Historically the lake has been itself for some time, and the people have been primarily Mayan settlers for centuries, but the treatment of the people by others outside the villages has been one of brutality and now a certain calm.  The villagers, separated by mountains and a testy lake, kept to themselves, not necessarily increasing their reach beyond the villages for many years until the Spanish conquered and settled the areas with Catholicism and Spanish rule. The country came out from under this rule in the 19th c, and again the 20th, but put in place new governing rules that forced the people of the villages to work in the fields of landowners, named by the government, none of whom were Mayan.  A revolt in 1960-86 led to support groups in the form of guerrillas, who defended the Maya people, but eventually turned on them in some quarters, resulting in loss of life to many in the area. Since the peace accords were written, there continue to be struggles, but the people of the lake are finding some solace from the development of artisan coops, NGO support, and the support of people like JoAnn Dwyer, who provides a medical clinic in San Juan and after school tutoring.  There seems to be a certain calm among the people we met, with an underlying sense that nothing is forever. There are lots of opportunities for outreach, but what is important is that the people themselves have set the pace for what is important and hopefully that will endure as they find a way to maintain and continue to succeed.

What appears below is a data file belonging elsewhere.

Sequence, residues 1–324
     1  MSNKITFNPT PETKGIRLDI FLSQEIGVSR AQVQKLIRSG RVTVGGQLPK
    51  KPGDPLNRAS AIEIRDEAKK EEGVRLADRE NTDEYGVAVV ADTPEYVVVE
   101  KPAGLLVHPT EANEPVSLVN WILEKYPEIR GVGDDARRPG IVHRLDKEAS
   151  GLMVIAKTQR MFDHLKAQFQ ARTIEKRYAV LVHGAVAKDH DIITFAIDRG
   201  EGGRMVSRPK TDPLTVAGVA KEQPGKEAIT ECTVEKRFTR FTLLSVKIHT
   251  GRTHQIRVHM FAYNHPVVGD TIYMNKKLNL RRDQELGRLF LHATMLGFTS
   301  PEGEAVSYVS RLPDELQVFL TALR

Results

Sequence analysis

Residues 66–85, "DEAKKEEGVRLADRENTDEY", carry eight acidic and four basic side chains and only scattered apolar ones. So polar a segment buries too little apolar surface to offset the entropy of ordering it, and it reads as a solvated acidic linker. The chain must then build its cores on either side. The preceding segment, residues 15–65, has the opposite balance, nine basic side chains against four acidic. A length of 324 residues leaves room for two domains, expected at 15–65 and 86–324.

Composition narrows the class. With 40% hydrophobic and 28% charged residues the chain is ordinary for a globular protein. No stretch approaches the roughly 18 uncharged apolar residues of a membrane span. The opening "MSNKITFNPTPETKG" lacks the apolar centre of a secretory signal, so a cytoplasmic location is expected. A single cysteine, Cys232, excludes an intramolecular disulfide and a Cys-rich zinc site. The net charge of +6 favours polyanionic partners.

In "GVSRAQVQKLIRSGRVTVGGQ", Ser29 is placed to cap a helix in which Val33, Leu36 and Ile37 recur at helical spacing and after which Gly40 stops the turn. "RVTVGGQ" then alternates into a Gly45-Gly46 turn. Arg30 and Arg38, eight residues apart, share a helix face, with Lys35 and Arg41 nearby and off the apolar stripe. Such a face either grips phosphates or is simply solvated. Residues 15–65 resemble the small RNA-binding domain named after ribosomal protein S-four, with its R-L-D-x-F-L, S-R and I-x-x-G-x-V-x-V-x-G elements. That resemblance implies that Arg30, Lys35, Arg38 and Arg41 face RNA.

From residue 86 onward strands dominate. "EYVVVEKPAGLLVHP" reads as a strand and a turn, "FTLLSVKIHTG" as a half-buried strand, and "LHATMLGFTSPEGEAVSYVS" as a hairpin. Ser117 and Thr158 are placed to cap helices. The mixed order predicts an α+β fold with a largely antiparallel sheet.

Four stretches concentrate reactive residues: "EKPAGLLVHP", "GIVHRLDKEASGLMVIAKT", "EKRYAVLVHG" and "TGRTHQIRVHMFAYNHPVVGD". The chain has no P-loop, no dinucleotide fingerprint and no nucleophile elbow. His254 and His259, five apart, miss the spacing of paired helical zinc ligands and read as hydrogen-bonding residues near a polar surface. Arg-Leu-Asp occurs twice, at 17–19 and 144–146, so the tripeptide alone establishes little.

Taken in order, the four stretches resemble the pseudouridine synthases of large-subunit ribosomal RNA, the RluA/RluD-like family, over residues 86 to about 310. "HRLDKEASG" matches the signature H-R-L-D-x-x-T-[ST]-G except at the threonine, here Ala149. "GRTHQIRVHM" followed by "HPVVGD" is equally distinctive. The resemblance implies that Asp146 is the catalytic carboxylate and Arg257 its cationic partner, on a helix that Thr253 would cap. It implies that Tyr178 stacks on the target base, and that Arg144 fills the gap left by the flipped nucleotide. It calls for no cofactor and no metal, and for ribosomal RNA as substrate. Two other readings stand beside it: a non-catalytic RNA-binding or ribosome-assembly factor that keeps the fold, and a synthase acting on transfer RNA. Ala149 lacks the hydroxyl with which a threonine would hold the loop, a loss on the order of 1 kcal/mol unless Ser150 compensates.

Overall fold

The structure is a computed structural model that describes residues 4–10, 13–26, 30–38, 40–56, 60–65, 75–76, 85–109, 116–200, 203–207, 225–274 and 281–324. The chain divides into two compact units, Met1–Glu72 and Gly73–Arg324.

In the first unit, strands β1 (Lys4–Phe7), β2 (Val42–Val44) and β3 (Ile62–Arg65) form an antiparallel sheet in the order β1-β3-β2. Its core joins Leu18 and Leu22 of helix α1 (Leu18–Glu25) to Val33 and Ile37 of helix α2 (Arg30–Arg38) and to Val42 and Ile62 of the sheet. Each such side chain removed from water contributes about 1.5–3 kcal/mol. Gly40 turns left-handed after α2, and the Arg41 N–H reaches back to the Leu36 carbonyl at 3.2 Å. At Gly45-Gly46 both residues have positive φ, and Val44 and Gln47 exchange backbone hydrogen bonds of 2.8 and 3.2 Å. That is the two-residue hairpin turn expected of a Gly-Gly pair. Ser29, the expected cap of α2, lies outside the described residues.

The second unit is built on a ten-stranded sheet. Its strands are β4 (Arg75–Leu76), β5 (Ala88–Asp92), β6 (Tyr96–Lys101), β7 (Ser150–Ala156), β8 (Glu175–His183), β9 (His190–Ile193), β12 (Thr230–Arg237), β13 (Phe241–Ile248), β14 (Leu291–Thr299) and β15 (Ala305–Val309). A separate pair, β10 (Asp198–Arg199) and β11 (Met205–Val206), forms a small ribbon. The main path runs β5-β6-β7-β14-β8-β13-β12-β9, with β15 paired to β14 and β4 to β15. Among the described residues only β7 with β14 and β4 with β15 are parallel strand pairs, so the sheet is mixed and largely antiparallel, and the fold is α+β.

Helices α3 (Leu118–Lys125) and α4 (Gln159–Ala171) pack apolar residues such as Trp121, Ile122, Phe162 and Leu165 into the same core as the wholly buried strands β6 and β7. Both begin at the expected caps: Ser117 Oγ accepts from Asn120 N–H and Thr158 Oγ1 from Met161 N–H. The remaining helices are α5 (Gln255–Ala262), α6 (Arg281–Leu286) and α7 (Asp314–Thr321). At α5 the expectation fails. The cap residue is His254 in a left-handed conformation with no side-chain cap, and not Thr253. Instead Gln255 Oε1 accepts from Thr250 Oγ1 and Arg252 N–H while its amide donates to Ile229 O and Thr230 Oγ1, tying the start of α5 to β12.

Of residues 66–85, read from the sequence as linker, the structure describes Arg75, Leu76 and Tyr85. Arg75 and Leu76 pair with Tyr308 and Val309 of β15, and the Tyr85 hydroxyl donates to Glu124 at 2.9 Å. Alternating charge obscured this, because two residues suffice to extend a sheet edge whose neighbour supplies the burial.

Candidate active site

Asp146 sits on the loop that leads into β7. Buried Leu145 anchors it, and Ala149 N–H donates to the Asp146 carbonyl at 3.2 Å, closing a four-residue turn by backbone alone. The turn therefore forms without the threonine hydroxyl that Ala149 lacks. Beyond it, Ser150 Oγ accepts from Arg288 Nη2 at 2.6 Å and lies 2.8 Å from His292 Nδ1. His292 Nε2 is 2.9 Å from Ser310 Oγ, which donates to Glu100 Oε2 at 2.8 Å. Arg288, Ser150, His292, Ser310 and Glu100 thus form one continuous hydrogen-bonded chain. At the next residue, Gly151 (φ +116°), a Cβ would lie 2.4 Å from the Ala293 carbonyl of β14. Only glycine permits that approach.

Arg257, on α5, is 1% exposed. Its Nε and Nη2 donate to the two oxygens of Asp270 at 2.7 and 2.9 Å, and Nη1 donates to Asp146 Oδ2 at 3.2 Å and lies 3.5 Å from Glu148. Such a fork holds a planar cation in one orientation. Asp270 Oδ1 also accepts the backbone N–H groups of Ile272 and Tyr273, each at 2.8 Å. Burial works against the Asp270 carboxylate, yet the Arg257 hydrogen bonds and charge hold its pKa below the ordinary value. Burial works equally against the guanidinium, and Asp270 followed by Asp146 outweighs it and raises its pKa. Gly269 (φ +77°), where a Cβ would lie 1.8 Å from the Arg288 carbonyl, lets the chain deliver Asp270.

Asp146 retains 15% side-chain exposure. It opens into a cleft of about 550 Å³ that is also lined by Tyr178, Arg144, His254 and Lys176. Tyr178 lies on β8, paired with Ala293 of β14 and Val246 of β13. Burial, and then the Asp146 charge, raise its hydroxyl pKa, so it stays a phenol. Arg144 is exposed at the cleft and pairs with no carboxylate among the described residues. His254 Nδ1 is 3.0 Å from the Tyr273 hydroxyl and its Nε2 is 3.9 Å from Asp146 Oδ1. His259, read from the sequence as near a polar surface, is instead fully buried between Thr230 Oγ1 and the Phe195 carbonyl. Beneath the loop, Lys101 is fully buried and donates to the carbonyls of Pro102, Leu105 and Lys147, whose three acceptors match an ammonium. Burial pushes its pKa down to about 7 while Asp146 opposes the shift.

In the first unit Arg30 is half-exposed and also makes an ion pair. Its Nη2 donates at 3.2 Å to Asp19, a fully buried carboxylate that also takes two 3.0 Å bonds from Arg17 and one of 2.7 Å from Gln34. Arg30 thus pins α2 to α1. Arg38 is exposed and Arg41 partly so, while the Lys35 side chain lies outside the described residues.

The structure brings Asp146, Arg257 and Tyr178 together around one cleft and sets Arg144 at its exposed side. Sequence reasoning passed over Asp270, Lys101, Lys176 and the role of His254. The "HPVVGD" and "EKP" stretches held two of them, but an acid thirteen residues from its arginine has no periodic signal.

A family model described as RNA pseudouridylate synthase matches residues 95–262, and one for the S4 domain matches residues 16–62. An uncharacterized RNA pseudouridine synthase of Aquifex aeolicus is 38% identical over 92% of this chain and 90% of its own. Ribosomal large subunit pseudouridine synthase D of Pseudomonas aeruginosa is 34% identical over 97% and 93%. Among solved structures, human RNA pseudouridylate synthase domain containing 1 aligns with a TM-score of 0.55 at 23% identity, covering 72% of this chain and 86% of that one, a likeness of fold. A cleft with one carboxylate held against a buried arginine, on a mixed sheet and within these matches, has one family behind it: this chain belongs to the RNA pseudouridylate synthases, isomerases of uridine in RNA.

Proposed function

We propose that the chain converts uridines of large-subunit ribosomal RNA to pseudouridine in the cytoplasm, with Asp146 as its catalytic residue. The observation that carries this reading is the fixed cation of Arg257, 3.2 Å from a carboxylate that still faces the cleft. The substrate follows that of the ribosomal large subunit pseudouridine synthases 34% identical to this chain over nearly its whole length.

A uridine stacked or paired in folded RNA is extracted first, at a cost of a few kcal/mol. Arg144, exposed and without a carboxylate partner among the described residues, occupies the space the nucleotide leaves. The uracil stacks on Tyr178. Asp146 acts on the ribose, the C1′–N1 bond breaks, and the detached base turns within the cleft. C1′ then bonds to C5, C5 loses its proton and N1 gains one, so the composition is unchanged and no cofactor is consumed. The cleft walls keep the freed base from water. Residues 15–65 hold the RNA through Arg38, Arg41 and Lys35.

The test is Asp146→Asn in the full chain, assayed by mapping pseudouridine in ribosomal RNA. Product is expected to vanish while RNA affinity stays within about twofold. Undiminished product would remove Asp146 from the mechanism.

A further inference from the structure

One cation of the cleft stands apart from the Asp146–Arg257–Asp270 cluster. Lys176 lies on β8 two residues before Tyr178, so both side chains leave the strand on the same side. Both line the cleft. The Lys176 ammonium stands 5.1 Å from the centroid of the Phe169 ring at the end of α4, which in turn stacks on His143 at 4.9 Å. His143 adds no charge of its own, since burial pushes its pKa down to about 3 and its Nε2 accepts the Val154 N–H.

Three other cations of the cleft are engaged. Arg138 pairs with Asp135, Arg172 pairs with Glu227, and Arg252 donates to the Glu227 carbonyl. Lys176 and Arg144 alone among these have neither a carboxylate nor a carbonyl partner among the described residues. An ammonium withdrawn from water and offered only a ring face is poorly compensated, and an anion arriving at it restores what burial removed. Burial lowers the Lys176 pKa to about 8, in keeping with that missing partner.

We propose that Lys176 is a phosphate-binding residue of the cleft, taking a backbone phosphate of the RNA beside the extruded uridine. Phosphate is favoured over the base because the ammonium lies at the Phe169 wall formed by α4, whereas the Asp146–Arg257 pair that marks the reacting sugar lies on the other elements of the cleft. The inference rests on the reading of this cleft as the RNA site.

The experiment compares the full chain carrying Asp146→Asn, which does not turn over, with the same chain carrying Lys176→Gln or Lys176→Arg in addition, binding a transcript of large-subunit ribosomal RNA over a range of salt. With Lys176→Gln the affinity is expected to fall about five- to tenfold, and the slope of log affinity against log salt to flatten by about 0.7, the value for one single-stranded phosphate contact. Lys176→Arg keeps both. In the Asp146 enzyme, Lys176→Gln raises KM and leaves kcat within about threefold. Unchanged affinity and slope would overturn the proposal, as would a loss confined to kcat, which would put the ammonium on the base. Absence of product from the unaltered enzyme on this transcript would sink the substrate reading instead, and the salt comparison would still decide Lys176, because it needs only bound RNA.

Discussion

We returned to Antigua and have been hanging out, watching the rain, and getting ourselves back to starting point with a trip to the mercado yesterday, a haircut at Franks Salon, and a taste of local food.  It feels good to be back home.  Well, with only 26 more days in Guatemala, as usual, we have filled our dance card with new and interesting things.  I start observing in a public school on Monday, Johnetta Hudson arrives on the 14th, departing the 18th, then two students, Cordell and Bonne, from UNT from Alpha Chi arrive on the 19th, departing the 27th, and in between we hope to see Ron Wilhelm and Janet Ray, both of whom are doing important work in Guatemala through NGOs.  We plan to hike Pacaya Volcano, take salsa lessons, and maybe hit the beach one more time.  Life is good here in Antigua. Hope all is well for you and yours.